What is the most complex challenge in building a modern right data management tool?

We have a rights management data solution that uses the blockchain. The chain is good at a bunch of things, and we use it for a specific purpose as part of our technology solution, communicating changes and registering changes in sort of an agnostic and egalitarian way. So, we use it for those two things. Traditional ways in which data is communicated in the music industry does not sufficiently allow for this kind of dynamisms that I described: multiple parties, pulling data together, recreating the truth, sending it out into the world. So, we have a very proprietary, if you want to call it that, but a sophisticated data schema that better aligns the data sets that the industry traditionally uses for rights owners and rights representatives.

How does Verifi help artists to get paid?

Basically, there is two models you can consume music on your phone. You have a paid streaming service, there is also a free service or many free services out; Pandora being an example; Spotify has a free service which are Ad-driven. YouTube has an ad-driven business model. On average, you are getting paid per stream, so when I put the push up button and listen to your song, they aggregate royalty that gets paid is below a penny. That is why it is a micro penny or, you know, less than a penny. It can be as little as a third or even a tenth of a penny, so there is trillions of spins going on like I mentioned earlier, 4 trillion or so according to some people, but it is paying less than a penny per stream. Our ambition would be to make it that simple for the typical creator, where rights data is not just like I got to load it up into 10 different places, I do not even know if I am getting paid, but I put it here, it propagates, and, if something changes, I can just say, “Hi, this changed.” Again, I am probably exaggerating a little bit on the oversimplified side, but I think this is possible, the tools exist.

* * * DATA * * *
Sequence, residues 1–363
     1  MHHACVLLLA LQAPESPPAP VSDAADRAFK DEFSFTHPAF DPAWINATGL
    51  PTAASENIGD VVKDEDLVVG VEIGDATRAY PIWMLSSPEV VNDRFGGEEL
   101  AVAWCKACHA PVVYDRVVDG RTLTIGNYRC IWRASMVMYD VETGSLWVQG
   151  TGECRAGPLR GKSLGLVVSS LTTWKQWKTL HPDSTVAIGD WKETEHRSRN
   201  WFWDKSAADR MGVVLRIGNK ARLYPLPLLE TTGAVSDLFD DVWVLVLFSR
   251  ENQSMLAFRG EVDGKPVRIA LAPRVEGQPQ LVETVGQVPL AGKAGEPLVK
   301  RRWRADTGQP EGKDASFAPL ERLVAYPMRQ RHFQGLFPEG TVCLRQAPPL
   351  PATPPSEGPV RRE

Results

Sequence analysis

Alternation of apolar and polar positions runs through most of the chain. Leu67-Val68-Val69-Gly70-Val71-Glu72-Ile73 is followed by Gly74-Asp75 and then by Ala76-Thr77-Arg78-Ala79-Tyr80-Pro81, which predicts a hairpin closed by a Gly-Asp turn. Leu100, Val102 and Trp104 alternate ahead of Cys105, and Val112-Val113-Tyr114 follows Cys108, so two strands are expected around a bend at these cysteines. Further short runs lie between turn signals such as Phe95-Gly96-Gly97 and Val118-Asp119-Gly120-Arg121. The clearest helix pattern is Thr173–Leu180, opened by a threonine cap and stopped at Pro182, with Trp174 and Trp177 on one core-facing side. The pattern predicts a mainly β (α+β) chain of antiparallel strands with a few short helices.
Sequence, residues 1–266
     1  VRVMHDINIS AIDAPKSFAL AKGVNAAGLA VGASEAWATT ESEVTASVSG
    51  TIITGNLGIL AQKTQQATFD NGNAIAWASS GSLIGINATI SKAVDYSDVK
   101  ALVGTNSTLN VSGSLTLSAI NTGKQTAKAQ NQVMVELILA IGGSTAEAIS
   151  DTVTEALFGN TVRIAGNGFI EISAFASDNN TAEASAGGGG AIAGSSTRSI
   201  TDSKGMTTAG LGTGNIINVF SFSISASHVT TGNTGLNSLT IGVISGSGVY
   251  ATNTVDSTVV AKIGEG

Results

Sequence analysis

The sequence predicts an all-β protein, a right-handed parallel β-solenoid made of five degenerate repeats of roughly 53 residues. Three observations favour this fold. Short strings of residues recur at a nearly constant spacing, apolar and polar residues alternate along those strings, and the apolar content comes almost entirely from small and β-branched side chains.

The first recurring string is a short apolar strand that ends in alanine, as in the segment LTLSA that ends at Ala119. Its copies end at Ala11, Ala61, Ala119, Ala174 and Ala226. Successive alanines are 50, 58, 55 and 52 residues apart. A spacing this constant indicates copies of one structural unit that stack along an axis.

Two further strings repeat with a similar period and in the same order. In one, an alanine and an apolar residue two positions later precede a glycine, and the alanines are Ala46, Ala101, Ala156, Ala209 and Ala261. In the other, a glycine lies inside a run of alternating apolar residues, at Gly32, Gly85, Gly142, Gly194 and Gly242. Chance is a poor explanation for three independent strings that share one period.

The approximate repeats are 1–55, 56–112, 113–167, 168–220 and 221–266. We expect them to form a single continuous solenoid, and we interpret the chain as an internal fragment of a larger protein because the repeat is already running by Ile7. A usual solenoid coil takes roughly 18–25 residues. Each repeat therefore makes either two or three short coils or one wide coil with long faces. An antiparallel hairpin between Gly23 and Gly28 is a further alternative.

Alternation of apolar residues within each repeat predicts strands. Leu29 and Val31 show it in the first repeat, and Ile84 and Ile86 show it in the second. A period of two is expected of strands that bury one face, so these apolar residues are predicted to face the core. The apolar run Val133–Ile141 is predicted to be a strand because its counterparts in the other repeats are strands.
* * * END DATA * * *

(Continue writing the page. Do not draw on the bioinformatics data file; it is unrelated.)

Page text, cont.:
How challenging is it for a finance expert to enter the music business?

I do think it gives me a unique perspective because, in finance, you are doing transactions with significant numbers of zeros next to it all the time. Data better be right. I spent, 25 years off basically on Wall Street managing trading businesses, so I have a very profound appreciation for the importance of data management, and doing it quickly and all the stuff. So, I grew up playing the saxophone in high school and in college, I ran our college jazz ensemble, I was also a radio disc jockey in high school and in college. I moved to New York in the mid-80s to start working on Wall Street, and I joined a rock band playing bass. I still play bass 35 years later in a rock band in New York City for fun.

My brother is a professional musician and a music technology professor in the UC system in California. Music has always been part of my life. This digital transformation fascinated me and, in particular, making it friendlier for creators, which is easy to say, but I wanted to do an entrepreneurial journey in that, and hopefully contributing in a small way. I think we can make this better for creators, it is a very tough world for creators to get paid, and a little bit of the harder to get paid is about moving that infrastructure into something that is more modern, and I think that is essentially what has excited me about doing this.